Berenice Abbott recognised in Eugene Atget’s images of Paris his ability to fill ‘inhuman architectural photography with human experience’.
This set the tone for my recent visit to the Constructing Worlds: Photography and Architecture in the Modern Age exhibition at the Barbican Centre in London.
18 photographers, 250 images.
The works are shown in chronological order: Starting with Berenice Abbott who documented the rise of skyscrapers in New York during the interwar years of 1930s and ending with Iwan Baan who recorded the daily life of people who lived in Torre David, an abandoned incomplete tower in Venezuela.
The following passage in the introduction by Alona Pardo and Elias Redstone in the accompany book sums up what the Construction Worlds exhibition is about:
The understanding that photography which takes architecture as its subject matter has the ability to communicate wider truths about society is fundamental to the works presented… However diverse their aesthetics, each artist or photographer challenges the orthodoxy of architectural photography, by not simply interpreting the intentions of the architects, but by revealing through the photographic medium the lived experience and symbolic value of our built world.
Some of the pictures are in colour, others in monochrome. Some are presented as 8×10 prints, others in grand format. Irregardless of the size, colour or style, there are many that made me pause for thought while some captivated me.
Constructing Worlds is an excellent exhibition that inspires, informs and intrigues.
I could have lost myself for hours amongst the sublime and poignant images on show. It was fascinating to see the details of how society functions within and interacts with various built environments across different times.
Looking at these images, I was reminded of some of my favourite pictures that I took in Hong Kong:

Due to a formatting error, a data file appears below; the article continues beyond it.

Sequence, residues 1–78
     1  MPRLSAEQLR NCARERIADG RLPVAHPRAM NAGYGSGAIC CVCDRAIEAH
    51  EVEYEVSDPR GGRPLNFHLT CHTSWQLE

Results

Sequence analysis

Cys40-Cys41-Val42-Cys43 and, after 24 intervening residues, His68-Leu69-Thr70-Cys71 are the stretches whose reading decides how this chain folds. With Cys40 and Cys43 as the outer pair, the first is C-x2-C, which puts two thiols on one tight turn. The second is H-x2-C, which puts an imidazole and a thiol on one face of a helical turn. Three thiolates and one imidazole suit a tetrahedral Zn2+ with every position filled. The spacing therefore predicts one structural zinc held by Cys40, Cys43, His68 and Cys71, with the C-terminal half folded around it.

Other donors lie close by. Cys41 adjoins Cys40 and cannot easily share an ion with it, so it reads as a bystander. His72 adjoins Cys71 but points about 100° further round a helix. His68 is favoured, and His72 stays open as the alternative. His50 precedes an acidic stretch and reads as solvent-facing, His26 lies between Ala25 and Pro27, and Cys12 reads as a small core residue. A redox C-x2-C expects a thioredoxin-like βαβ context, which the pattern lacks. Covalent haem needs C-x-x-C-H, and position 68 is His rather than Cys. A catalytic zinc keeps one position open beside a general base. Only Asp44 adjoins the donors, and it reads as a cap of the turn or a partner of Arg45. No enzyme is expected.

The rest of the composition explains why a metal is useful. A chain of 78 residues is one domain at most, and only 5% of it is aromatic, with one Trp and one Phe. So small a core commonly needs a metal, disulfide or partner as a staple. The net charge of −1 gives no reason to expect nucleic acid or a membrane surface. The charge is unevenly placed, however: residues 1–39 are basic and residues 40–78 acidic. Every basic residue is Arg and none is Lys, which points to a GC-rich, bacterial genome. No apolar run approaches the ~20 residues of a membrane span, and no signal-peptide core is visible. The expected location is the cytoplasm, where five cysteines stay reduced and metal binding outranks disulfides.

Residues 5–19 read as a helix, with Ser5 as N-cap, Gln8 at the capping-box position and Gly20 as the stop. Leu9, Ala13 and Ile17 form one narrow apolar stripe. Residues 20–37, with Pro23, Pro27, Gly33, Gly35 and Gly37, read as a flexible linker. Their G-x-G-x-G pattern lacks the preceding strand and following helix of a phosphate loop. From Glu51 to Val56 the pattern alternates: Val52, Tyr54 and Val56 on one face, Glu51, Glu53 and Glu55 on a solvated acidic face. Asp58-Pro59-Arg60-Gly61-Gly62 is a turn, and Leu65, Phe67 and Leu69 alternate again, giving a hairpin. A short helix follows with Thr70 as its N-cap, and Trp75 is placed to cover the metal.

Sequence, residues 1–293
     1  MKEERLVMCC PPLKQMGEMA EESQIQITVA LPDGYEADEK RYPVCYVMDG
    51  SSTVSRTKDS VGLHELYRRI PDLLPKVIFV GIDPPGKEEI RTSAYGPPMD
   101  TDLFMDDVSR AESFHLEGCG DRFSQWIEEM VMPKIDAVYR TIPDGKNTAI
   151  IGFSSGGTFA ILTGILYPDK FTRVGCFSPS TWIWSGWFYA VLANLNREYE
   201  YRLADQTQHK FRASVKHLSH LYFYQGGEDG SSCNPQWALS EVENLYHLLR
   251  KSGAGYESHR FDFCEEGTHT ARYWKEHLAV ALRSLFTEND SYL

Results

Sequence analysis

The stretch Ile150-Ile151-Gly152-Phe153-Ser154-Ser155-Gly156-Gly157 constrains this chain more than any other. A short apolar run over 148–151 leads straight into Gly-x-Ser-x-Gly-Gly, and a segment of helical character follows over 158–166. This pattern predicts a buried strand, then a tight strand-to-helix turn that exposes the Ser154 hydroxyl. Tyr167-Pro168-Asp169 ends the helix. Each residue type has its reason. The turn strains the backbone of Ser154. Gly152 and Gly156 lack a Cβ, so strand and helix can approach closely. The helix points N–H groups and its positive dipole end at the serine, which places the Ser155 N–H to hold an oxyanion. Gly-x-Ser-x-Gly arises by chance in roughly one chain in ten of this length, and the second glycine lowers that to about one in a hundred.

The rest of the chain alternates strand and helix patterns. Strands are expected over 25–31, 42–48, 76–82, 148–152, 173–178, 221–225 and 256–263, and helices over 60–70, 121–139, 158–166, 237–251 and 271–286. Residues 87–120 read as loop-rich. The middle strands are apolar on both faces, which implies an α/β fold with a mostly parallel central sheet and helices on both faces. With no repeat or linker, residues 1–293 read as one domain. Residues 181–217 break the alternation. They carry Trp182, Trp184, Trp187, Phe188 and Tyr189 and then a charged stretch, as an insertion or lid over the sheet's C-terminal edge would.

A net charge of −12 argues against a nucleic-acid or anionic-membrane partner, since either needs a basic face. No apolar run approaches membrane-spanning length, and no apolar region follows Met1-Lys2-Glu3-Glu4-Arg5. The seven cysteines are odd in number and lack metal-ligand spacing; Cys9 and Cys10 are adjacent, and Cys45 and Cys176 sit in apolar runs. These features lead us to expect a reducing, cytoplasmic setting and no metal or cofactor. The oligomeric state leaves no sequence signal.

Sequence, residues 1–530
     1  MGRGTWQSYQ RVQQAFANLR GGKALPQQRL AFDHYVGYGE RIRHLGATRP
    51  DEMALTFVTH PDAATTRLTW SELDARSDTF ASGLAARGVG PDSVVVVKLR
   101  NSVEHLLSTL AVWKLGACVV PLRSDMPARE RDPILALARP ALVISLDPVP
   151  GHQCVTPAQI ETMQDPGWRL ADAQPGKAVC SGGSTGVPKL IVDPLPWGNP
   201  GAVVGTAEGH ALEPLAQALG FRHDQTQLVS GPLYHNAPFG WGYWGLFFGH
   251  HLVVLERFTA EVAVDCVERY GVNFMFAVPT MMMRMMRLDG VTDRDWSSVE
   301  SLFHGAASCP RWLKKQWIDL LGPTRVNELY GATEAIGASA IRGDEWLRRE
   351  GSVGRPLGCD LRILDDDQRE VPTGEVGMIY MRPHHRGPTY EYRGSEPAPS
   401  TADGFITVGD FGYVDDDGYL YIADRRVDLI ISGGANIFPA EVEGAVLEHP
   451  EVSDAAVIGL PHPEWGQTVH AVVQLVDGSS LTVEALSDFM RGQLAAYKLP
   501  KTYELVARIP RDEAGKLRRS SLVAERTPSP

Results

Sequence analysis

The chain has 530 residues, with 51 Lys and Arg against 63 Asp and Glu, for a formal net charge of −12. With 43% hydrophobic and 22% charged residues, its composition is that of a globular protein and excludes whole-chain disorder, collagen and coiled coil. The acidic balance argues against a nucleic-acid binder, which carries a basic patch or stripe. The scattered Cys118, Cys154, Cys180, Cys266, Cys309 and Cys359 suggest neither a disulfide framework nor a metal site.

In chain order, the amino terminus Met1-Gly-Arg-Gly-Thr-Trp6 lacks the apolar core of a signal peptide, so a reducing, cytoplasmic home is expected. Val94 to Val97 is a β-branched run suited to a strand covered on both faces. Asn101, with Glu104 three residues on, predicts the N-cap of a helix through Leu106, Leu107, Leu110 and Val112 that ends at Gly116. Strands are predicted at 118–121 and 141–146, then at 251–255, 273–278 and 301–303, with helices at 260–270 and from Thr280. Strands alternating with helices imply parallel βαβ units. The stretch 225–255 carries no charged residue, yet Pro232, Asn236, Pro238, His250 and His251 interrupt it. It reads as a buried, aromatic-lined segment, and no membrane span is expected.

As mentioned in a previous post about voyeurism, there were several details that I had not spotted when I was taking this photograph from an opposite building. Click on the image above to see it in a larger format and you’ll see what I mean.
If you are in London between now and 11 January 2015, I’d strongly recommend a visit to the Barbican Centre to see the Constructing Worlds exhibition.
If you don’t get the chance, you can see a selection of the photographs on the website.
The book is also on sale on the online shop. However it doesn’t contain all the photographs that are on show.
There were some pictures that I wish were included in the book. But since they aren’t, I went looking for them on the Internet and am making a note of them here.
I hope you get to see in person the images created by these excellent photographers: Berenice Abbott, Iwan Baan, Bernd and Hilla Becher, Hélène Binet, Walker Evans, Luigi Ghirri, Andreas Gursky, Lucien Hervé, Nadav Kander, Luisa Lambri, Simon Norfolk, Bas Princen, Ed Ruscha, Stephen Shore, Julius Shulman, Thomas Struth, Hiroshi Sugimoto and Guy Tillim.
On a final note, tell me, how does photography shape the way you view the urban world around you?